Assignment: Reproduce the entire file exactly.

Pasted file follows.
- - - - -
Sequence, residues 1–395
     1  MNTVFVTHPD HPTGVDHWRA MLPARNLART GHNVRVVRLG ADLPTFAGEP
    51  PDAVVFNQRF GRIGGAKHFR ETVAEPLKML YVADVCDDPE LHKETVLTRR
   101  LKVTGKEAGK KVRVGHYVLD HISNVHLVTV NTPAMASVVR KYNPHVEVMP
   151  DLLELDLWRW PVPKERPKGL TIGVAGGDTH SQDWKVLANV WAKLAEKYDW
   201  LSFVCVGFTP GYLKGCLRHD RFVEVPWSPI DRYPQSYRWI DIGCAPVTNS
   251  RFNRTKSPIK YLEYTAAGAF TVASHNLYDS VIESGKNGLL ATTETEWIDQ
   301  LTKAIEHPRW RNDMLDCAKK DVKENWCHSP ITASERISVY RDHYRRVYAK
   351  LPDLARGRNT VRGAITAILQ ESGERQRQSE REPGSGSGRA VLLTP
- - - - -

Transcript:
Sequence, residues 1–395
     1  MNTVFVTHPD HPTGVDHWRA MLPARNLART GHNVRVVRLG ADLPTFAGEP
    51  PDAVVFNQRF GRIGGAKHFR ETVAEPLKML YVADVCDDPE LHKETVLTRR
   101  LKVTGKEAGK KVRVGHYVLD HISNVHLVTV NTPAMASVVR KYNPHVEVMP
   151  DLLELDLWRW PVPKERPKGL TIGVAGGDTH SQDWKVLANV WAKLAEKYDW
   201  LSFVCVGFTP GYLKGCLRHD RFVEVPWSPI DRYPQSYRWI DIGCAPVTNS
   251  RFNRTKSPIK YLEYTAAGAF TVASHNLYDS VIESGKNGLL ATTETEWIDQ
   301  LTKAIEHPRW RNDMLDCAKK DVKENWCHSP ITASERISVY RDHYRRVYAK
   351  LPDLARGRNT VRGAITAILQ ESGERQRQSE REPGSGSGRA VLLTP